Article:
Toyota Says New Gas Pedals Are Being Shipped, Fix Is Near

Safety expert says the new fix still won't end runaway cars.

January 27, 2010, 6:03 PM

Jan. 28, 2010 — -- New Toyota accelerator pedals have passed tests for problems and are being shipped this week, according to Toyota and its supplier, CTS of Elkhart, Indiana.

Toyota has recalled more than two million cars and stopped sales and production because of "sticky" accelerator pedals that could cause cars to race out of control.

"New pedals are being made to their new specification to solve this recall issue and they're being tested and parts are beginning to be shipped," said Mitch Walorski, director of investor relations for CTS.

A Toyota spokesman confirmed the new pedal was being shipped to factories and said a further announcement was imminent.

"We are looking to repair or replace as many of the accelerators in as short a time as possible," said Toyota spokesman Brian Lyons.

Lyons said some accelerator assemblies could be replaced in their entirety and in other cases existing accelerators could be repaired.

He said Toyota engineers determined that the accumulation of water in an interior part of the pedal assembly was causing excessive wear, "making the pedal slow to return to idle."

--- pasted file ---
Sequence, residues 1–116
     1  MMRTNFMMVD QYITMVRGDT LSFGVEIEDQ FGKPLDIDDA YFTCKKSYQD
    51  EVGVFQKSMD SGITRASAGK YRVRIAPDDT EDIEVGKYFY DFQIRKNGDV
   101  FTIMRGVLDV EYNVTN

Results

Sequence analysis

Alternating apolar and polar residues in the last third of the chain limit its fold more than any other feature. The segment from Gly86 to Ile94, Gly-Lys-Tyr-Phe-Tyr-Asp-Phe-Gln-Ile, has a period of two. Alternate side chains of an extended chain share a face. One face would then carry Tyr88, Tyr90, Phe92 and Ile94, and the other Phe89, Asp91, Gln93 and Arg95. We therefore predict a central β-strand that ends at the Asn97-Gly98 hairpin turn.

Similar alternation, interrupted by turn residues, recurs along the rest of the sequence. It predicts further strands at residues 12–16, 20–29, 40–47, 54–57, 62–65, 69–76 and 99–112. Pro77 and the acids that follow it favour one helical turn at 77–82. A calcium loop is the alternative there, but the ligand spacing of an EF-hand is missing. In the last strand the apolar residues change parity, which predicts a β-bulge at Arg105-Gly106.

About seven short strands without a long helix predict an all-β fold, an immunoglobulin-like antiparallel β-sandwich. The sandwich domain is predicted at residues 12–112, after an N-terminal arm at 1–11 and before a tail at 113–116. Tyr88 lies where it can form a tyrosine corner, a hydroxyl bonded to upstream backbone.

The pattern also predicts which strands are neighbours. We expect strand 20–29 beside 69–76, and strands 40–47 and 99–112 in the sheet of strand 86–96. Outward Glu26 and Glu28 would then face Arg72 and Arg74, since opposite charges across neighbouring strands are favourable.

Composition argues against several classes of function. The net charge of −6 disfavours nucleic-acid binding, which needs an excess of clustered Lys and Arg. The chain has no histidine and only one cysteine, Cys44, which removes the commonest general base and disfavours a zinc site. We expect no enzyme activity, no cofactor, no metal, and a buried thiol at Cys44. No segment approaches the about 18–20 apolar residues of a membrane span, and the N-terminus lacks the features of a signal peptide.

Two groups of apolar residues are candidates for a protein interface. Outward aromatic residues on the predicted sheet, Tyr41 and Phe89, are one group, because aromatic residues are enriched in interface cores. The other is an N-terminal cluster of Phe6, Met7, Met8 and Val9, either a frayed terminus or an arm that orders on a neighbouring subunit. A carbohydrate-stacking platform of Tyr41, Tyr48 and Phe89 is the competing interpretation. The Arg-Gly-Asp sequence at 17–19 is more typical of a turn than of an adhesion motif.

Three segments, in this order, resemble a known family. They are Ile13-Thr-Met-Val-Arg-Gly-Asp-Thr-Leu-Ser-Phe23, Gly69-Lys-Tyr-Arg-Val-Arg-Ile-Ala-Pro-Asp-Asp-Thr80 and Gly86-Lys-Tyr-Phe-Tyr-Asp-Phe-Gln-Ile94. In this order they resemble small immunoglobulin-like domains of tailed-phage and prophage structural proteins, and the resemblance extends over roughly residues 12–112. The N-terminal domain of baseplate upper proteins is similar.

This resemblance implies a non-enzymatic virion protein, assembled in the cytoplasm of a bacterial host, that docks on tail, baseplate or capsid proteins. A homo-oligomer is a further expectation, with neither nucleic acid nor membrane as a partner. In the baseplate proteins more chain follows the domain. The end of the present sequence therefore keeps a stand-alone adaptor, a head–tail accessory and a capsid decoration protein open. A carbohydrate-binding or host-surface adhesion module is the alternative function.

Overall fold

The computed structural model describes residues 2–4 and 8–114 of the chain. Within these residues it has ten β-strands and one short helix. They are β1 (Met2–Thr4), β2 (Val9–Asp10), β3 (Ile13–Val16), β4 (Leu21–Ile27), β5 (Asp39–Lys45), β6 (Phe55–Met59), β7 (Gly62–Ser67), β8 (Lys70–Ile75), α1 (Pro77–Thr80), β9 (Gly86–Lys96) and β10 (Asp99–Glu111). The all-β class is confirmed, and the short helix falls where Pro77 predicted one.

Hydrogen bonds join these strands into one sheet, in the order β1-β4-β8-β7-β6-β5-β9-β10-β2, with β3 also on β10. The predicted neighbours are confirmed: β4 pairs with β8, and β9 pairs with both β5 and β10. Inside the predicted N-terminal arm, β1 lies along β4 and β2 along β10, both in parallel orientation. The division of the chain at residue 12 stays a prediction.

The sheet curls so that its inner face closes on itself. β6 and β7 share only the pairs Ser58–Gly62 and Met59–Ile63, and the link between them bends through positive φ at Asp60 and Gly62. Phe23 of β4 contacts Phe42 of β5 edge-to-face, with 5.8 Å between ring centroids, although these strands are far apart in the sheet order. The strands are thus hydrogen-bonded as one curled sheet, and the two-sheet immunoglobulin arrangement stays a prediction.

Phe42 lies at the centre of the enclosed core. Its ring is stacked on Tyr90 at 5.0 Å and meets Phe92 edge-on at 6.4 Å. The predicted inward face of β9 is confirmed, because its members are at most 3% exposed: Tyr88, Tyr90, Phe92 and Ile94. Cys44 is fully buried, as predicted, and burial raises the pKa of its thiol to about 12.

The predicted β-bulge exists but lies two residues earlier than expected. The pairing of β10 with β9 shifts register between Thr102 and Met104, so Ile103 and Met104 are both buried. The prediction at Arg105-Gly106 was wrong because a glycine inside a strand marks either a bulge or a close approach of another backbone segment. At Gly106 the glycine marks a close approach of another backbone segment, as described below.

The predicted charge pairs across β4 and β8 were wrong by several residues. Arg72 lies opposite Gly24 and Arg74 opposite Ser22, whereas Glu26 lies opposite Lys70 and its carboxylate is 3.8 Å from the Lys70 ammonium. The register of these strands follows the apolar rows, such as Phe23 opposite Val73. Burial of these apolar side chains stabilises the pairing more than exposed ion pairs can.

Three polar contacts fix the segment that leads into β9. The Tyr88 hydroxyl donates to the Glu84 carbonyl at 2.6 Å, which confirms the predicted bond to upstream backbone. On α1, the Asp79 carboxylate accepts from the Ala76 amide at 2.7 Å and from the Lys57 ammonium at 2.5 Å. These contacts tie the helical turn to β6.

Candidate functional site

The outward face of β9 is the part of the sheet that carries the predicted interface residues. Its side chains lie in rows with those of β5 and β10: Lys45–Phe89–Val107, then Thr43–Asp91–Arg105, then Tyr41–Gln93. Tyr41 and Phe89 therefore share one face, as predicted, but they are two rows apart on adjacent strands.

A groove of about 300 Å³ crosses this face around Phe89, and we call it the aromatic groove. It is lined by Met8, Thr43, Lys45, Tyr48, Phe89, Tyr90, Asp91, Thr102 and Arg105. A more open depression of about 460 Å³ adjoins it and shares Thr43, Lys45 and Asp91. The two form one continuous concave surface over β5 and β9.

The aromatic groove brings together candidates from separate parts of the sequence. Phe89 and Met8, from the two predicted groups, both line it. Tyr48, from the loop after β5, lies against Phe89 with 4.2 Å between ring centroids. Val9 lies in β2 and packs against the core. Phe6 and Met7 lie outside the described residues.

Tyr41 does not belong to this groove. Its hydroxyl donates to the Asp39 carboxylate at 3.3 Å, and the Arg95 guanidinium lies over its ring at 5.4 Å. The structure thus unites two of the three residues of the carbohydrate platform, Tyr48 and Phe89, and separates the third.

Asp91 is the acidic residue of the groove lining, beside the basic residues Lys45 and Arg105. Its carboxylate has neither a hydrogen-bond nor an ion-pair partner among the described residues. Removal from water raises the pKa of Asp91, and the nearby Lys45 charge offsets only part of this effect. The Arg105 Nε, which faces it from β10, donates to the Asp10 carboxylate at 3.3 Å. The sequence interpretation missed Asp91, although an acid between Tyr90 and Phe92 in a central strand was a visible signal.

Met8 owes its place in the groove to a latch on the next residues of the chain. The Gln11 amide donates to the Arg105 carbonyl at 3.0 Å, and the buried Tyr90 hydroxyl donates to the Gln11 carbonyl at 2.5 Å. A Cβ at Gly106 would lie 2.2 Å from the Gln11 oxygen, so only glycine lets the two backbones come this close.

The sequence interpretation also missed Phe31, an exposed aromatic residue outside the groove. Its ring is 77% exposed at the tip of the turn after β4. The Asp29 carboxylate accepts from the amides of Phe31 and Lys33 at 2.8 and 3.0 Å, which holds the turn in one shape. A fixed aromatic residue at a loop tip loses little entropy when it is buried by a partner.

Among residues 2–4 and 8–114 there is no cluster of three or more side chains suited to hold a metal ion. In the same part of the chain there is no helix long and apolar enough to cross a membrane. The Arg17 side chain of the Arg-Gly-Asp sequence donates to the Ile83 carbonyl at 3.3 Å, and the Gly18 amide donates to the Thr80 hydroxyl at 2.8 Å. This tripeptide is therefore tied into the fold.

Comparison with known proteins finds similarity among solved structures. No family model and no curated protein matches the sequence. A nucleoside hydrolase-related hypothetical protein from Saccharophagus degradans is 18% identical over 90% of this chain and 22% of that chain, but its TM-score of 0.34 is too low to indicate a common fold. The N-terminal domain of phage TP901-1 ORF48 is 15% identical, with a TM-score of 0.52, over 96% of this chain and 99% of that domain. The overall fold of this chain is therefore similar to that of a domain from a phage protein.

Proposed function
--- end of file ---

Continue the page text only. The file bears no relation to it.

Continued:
At the same time the new parts were being tested and shipped, Toyota expanded the recall by at least two million cars, to include cars and trucks in Europe and China with the same gas pedals from CTS.

CTS As Scapegoat?

CTS, however, suggests it is being made a scapegoat by Toyota.

"The products we supplied to Toyota, including the pedals covered in the recent recall, have been manufactured to Toyota's specification," said Walorski.

"It's a rare set of conditions and that rare set has only occurred in very few instances causing no accidents or injuries," said the CTS executive.

A leading safety analyst said he believed that "the largest number" of the reported accidents and deaths are the result of other problems with Toyotas beyond gas pedals and loose floor mats that have not yet been fully explored.

"It's not one single issue that's causing these unintended acceleration complaints to rise to the top of the defect chart today," said Sean Kane, of Safety Research & Strategies, a private auto safety firm in Rehoboth, Massachusetts.

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